Convergent and criterion validity of the CogState computerized brief battery cognitive assessment in women with and without breast cancer

July 13, 2017

Authors: Sunita K Patel, Adrienne M Meier, Nathaniel Fernandez, Tracy T Y Lo, Colleen Moore, Nicole Delgado

Journal: The Clinical Neuropsychologist

DOI: 10.1080/13854046.2016.1275819

Year Published: 2017


Computerized tests have increasingly garnered interest for assessing cognitive functioning due to their potential logistical and financial advantages over traditional ‘pencil and-paper’ neuropsychological tests. However, psychometric information is necessary to guide decisions about their clinical and research utility with varied populations. We explored the convergent construct validity and criterion validity of the CogState computerized tests in breast cancer survivors, a group known to present with mostly mild, subtle cognitive dysfunction.


Fifty-three post-menopausal women (26 breast cancer survivors, 27 healthy controls) completed the CogState Brief Battery tests with passed performance checks, conceptually matched traditional neuropsychological tests, and a self-report measure of daily functioning, the Functional Activities Questionnaire.


Significant positive correlations were found between the CogState Brief Battery tests and traditional neuropsychological tests, although the traditional tests specifically hypothesized to correlate with CogState tests did not reach statistical significance. Analysis of Covariance results showed preliminary support for criterion validity, as the patient and control groups differed on the traditional test of working memory (Digits Backwards, p = .01), with a trend towards significance for the CogState test of working memory (One Back, p = .02), controlled for age, race, and mood.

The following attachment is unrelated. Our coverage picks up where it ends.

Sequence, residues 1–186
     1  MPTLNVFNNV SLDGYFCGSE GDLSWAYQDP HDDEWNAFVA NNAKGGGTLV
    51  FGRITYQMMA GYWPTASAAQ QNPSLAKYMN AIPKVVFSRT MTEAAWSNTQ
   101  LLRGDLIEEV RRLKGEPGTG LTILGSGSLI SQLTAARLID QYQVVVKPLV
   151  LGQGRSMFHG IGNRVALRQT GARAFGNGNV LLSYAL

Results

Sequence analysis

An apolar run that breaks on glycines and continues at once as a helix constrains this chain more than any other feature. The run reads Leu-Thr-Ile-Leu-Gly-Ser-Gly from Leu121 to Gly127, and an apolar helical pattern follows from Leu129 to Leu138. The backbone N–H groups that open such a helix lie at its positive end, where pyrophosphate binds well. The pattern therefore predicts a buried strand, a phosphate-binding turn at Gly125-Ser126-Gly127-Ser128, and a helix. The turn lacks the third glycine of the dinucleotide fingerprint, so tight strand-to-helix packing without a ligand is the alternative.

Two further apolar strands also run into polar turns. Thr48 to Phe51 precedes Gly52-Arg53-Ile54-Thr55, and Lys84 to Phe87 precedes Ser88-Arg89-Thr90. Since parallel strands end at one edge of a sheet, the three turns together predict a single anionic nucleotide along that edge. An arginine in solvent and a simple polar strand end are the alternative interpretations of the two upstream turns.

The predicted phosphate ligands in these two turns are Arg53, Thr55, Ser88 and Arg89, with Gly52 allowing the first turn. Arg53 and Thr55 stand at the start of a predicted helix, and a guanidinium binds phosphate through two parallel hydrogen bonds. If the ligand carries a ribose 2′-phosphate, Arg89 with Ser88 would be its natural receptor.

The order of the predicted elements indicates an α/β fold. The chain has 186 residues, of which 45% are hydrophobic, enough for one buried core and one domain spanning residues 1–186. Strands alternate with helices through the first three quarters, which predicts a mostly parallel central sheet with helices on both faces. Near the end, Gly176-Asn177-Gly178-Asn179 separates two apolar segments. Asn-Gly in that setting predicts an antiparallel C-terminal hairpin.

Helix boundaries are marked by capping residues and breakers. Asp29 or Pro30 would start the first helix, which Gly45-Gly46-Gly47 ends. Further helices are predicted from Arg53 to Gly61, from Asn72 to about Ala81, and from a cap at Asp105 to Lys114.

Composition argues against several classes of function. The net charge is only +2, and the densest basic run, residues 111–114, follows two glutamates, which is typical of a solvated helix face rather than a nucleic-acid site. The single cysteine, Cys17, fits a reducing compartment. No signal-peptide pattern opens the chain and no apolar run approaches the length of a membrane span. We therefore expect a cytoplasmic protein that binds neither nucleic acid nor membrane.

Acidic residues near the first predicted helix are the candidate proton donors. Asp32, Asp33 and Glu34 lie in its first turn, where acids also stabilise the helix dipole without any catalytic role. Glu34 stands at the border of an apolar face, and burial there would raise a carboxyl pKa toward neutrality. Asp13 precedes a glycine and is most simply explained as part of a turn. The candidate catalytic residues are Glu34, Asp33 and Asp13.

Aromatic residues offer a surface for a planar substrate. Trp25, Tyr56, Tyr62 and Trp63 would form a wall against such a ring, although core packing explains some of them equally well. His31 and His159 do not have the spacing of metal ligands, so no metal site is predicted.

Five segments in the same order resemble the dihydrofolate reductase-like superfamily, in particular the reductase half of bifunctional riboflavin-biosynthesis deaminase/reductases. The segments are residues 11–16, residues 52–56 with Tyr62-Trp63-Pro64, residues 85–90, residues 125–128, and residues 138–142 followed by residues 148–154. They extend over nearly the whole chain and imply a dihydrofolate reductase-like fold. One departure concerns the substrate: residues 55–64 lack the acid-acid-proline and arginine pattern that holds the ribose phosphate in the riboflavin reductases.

The results provide preliminary support for further research to determine if the CogState tests are viable as screening tools to detect subtle cognitive differences between breast cancer survivors and healthy women. Our study was limited by the low base rate of cognitive impairment and small sample size. We recommend further research employing sufficiently powered sample sizes and a longitudinal, repeated measures study design.

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